How Our Company Saves $1,200,000 a Year and Pays Profit Sharing Instead

Aha! no offices

Profit sharing is not common in most privately held tech companies. Why? Well, it is pretty simple. For starters, most of these companies are not making any profit. (It is hard to share what you do not have.) And many are backed by venture capitalists who are expecting a big return on their investment within a few years. Generously giving back to employees is not exactly a priority. However, there is a way to grow quickly and put people first.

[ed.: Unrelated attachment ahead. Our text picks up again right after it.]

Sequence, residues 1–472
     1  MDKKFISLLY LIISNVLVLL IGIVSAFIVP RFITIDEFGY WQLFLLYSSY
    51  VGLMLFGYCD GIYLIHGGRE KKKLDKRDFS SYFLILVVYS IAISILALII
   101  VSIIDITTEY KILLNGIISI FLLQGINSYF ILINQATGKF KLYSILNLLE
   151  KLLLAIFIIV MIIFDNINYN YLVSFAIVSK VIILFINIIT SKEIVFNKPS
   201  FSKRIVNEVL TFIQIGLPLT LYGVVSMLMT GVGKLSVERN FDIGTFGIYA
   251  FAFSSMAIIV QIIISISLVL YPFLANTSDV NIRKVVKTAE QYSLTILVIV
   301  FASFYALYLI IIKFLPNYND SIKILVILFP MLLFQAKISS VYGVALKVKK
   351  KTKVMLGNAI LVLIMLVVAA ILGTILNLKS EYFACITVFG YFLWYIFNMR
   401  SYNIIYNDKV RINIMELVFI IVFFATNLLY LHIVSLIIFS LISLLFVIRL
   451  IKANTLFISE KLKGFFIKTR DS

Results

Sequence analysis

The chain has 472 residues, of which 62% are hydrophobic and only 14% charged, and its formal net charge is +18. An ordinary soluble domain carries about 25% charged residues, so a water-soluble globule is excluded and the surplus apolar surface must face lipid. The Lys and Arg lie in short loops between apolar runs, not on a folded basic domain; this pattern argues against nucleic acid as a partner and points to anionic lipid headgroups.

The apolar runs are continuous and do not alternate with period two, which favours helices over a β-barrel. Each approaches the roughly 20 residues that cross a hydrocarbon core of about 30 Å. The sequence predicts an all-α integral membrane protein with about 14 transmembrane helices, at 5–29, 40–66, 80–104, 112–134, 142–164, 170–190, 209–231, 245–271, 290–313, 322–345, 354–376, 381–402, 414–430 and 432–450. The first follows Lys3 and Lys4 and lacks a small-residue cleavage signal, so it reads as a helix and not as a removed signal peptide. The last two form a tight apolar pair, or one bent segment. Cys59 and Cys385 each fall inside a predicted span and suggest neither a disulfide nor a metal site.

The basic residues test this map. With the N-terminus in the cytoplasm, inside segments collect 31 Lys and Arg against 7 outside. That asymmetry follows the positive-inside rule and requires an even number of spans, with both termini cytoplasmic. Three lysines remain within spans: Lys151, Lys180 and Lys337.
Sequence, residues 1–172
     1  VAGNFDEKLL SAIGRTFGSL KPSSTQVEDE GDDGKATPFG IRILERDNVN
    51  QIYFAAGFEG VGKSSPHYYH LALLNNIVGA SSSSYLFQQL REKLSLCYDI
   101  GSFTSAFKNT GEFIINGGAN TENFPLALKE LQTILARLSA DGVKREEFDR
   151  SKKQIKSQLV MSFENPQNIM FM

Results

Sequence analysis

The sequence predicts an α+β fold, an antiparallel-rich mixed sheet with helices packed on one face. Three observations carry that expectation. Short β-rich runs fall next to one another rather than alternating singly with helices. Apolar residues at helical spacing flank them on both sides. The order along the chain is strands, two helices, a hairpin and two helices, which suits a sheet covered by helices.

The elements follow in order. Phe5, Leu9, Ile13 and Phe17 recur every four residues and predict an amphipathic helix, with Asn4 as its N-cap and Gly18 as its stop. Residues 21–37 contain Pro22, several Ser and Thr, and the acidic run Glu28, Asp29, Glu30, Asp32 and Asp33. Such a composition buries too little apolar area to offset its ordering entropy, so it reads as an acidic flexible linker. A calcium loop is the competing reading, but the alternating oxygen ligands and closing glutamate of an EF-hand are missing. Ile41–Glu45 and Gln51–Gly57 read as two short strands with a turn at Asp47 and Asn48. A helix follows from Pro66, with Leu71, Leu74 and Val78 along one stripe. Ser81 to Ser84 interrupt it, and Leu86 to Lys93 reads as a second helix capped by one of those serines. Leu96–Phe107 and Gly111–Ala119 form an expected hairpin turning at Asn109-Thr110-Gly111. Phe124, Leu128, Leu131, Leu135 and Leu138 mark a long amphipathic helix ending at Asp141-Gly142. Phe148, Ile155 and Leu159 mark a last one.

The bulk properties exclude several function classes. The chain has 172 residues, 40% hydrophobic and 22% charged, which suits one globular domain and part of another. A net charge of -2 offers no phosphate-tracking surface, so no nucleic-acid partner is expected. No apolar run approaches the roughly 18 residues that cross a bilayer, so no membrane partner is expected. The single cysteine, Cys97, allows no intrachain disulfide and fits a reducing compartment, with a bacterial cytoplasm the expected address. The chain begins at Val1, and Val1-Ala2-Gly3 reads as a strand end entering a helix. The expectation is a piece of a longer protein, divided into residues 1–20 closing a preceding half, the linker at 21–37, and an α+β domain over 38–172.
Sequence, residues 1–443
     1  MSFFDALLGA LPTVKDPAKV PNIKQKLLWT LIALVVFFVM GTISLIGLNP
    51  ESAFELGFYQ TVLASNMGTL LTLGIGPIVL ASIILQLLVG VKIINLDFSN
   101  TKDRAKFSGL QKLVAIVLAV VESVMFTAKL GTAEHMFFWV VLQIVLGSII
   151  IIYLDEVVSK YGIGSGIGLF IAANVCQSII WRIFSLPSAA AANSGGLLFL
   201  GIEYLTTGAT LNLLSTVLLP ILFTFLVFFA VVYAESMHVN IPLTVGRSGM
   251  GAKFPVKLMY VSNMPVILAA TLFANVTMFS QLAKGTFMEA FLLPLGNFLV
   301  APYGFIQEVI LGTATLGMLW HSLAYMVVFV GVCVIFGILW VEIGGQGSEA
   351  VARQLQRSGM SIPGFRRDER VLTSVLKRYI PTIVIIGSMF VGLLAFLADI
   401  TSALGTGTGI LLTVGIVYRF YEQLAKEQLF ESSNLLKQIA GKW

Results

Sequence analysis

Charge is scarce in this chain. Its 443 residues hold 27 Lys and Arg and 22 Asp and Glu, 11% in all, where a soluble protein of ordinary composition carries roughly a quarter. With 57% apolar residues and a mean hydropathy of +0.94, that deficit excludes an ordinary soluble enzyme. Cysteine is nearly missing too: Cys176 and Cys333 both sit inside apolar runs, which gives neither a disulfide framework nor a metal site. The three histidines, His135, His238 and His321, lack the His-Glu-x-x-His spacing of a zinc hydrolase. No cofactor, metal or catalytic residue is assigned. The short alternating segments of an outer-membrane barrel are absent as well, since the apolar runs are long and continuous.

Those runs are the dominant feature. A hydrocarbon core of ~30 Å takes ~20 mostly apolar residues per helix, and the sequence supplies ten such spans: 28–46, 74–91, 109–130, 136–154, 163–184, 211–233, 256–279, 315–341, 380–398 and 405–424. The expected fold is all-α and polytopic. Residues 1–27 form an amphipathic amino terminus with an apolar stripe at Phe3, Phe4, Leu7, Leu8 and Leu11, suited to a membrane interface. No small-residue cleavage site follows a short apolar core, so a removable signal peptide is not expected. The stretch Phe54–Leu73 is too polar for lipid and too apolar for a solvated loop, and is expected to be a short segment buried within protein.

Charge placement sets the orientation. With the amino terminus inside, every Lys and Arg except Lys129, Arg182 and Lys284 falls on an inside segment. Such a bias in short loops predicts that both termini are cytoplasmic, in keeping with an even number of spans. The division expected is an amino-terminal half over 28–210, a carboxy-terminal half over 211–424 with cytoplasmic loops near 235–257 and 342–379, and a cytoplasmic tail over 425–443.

Celebrating the team at the end of the year through profit sharing is something we practice at Aha!

Not many companies do this. In fact, Aha! is the only private software company of our size I know that does. The reason we do it is because there is nothing more important to our future than our team. Not even customers. And we need teammates to think of both the top and bottom line — to spend money as if their financial success depends on it. Because it does.

When you have a stake in the business, you treat the company’s money like your own. There are no work trips with limo rides to the airport and lobster dinners. You cannot justify the costs by saying, “It is on the company’s dime!” With profit sharing, the money the company makes is also your own.

But beyond the company benefit, sharing the success of the company with the people who helped us grow is also the right thing to do.